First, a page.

Archive for the ‘Economics’ Category

The unemployment rate is calculated by dividing those unemployed by the work force.  However, people that are unemployed but not looking for work, those who were looking for work but have given up, and institutionalized peoples are not considered part of the work force, and therefore are not considered to be unemployed.

I think that the definition of institutionalized peoples needs to be revised because I think that those serving active duty in the military should be included in unemployment figures.  I believe this for various reasons.  Those serving on active duty are able bodied people capable of doing work.  Suppose that, with our current conflicts in the Middle East, foreign policy changed and all active duty troops were brought home and discharged.  All of these active duty discharged would then be included in unemployment figures.  For this reason, I think that unemployment figures might be representing the actual employment situation.  So why not include them in unemployment figures now?

Currently there are about 1.5 million serving active duty for the United States.  The number of people in the work force in June was about 154 million and about 14 million were unemployed (http://www.bls.gov/news.release/empsit.t09.htm and http://www.bls.gov/news.release/empsit.t10.htm).  This means the unemployment rate in June of this year was about 9%.  Suppose the 1.5 million active duty were added to these figures (provided that they were still serving).  The new unemployment rate would be slightly lower, but of negligible change.  If all these active duty were put out of work, the new unemployment rate would be almost 10%.

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I just got done reading an article by The Economist (http://www.economist.com/node/16591136), and it got me thinking.

The article was about legalizing or simply decriminalizing marijuana consumption in California.

It was interesting to me because of how it could affect the economy.  In the article, the RAND Corporation predicted that the retail price of an ounce of marijuana would decrease by 80%.  This decrease can mean many different things.  It would be very bad for business for dealers and distributors because of the loss of revenues.  I recently started watching the Showtime show Weeds, and this point was further reinforced when Nancy’s distributor Heylia expressed disdain for legalization or decriminalization.

Another less obvious point that comes from this decrease in retail price is the ability of governments to tax purchases of marijuana.  If the retail prices does in fact decrease by 80%, then that is all the room government has to tax the marijuana without distorting consumer behaviors.  Furthermore, they would still have the room to levy a tax that would still make the price lower than when it was illegal, which could increase consumption, and thereby increasing tax revenues.

I am not an expert on tax policy, but these points are definitely something for policymakers to consider when dealing with near bankrupt state governments.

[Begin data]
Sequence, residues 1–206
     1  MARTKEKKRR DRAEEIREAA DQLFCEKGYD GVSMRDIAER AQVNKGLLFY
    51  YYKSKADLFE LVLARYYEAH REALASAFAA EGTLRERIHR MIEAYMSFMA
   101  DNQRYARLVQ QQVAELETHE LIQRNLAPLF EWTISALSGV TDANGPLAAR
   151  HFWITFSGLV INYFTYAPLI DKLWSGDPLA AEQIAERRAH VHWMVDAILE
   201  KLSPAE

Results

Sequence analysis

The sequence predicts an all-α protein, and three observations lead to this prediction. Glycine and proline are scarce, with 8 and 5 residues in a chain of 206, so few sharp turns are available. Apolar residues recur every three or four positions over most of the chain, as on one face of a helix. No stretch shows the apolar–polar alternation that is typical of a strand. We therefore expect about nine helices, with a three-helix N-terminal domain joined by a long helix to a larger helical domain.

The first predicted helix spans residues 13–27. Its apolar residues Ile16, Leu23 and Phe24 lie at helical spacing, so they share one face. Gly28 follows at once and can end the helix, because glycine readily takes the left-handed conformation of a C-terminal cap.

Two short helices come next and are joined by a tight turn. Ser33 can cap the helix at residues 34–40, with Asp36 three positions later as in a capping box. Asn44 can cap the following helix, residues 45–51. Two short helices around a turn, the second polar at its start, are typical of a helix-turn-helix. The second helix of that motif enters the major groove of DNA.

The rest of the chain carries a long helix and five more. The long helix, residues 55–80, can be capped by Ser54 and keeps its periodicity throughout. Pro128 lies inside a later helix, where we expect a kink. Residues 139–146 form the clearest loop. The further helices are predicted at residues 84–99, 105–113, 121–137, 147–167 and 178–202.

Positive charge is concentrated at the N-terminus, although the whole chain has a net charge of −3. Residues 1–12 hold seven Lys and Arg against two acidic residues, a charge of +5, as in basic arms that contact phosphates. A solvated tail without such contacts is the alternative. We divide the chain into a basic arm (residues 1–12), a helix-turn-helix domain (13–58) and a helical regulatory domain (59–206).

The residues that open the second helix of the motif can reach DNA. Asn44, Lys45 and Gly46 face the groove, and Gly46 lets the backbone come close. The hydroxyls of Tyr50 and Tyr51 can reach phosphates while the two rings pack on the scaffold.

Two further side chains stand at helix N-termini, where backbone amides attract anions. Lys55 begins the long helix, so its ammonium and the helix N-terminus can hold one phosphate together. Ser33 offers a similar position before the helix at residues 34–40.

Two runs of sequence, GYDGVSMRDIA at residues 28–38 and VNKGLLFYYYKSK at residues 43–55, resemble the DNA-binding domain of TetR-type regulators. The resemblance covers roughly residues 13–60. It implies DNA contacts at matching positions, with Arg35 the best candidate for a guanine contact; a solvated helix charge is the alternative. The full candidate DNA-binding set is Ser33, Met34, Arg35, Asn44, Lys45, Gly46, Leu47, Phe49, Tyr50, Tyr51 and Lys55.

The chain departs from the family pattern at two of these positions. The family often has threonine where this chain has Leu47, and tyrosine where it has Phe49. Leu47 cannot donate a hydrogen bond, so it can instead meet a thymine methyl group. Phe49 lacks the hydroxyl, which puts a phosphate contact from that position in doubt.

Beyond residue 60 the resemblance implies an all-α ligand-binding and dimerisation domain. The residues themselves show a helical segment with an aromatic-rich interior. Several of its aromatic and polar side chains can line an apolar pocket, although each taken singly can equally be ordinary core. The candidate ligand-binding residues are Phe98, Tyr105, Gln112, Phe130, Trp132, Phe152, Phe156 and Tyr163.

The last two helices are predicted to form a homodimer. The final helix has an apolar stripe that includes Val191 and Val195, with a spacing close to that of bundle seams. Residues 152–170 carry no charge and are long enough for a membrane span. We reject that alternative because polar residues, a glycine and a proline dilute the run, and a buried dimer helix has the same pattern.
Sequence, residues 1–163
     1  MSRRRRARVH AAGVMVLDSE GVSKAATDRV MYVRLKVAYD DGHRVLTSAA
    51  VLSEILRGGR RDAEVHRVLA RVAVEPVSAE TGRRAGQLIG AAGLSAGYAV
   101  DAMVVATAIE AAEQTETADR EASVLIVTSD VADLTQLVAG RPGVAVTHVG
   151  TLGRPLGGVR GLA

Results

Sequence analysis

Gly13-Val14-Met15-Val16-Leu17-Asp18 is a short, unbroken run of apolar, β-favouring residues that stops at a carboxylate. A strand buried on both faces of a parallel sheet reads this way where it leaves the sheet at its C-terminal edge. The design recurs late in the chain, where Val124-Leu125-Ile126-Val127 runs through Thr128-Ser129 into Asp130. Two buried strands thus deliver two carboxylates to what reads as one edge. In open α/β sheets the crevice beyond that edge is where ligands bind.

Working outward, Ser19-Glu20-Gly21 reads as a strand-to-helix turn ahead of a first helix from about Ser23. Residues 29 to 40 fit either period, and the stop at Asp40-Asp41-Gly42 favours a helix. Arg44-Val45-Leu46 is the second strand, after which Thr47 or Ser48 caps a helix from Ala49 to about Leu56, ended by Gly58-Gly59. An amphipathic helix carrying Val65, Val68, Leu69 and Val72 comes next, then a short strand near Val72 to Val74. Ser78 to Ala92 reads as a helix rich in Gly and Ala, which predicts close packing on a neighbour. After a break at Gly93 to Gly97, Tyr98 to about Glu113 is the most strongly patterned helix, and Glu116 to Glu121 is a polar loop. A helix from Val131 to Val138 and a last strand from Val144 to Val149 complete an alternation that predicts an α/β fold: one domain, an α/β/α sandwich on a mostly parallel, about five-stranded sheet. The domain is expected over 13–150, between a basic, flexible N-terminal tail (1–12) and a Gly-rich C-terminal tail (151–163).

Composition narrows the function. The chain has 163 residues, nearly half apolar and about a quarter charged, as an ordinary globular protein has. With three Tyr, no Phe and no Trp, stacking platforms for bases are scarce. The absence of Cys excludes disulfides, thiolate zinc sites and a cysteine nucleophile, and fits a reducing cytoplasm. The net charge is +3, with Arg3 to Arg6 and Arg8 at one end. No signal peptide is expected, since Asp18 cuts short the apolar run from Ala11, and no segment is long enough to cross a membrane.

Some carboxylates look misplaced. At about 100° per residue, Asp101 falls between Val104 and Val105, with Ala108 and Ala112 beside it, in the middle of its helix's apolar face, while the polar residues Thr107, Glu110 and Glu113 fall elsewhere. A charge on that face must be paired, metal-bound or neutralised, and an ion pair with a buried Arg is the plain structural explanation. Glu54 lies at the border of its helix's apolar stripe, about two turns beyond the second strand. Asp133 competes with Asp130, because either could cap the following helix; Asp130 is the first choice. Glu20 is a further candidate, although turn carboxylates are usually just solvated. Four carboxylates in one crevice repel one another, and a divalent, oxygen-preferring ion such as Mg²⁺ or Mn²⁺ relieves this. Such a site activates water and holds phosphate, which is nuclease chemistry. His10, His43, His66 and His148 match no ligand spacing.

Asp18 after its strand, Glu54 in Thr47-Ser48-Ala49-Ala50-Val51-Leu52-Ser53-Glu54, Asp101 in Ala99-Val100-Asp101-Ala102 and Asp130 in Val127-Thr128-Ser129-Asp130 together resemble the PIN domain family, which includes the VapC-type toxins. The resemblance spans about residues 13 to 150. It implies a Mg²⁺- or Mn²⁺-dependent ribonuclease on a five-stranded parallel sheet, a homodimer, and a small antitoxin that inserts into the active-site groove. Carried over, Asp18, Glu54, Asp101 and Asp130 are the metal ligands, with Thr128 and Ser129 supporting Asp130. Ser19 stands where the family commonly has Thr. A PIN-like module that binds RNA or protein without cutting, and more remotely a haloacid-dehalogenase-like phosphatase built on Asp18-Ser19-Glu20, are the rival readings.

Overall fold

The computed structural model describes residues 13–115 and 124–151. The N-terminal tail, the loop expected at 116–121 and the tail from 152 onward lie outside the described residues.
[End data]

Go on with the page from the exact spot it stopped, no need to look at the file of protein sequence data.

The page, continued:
Of course, as many economists and analysts have stated before, legalization could decrease crime because of the elimination of marijuana’s black market.  Furthermore, cost to government to incarcerate “criminals” would decrease.

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I was reading Cato economist Dan Mitchell’s blog (http://danieljmitchell.wordpress.com/2010/06/19/russia-getting-rid-of-capital-gains-tax/?utm_source=twitterfeed&utm_medium=twitter), and he said that Russia was eliminating their capital gains tax.  His video went on to outline how different types of taxes work.  He also went on to mention that the Obama administration was going to further increase capital gains taxes in the US.  How ironic that men who were part of a Communist mega-state are adopting a smarter tax policy that the supposedly liberal USA.

I went on to think of how the United States would react to such a tax policy.  Let me say this now: I am very interested in how good economic policy can help and empower the poor.  I also think regressive tax policies are unfair.  Though consumption taxes are fair in that they only tax on what an individual consumes, and they encourage personal saving.  They can be unfair because the poor do not have the ability to save (they must spend most of their earnings on food, housing, etc.).

So what if the US followed Russia and eliminated the capital gains tax?  Increased investment creates more jobs (good for the poor).  Assuming a consumption tax policy is enacted, the rich would still pay their fair share because they would still consume (A common argument against eliminating capital gains taxes is that the rich would end up paying nothing if most of their income came from capital gains).  And since the poor would also pay for what they consume, maybe they could get tax rebates because of their income level.

These are just thoughts on the video and blog from Dan Mitchell.  Please respond with any thoughts on my points or offer better alternatives to what I have said.  Also, if any of my points are invalid or wrong, please let me know.

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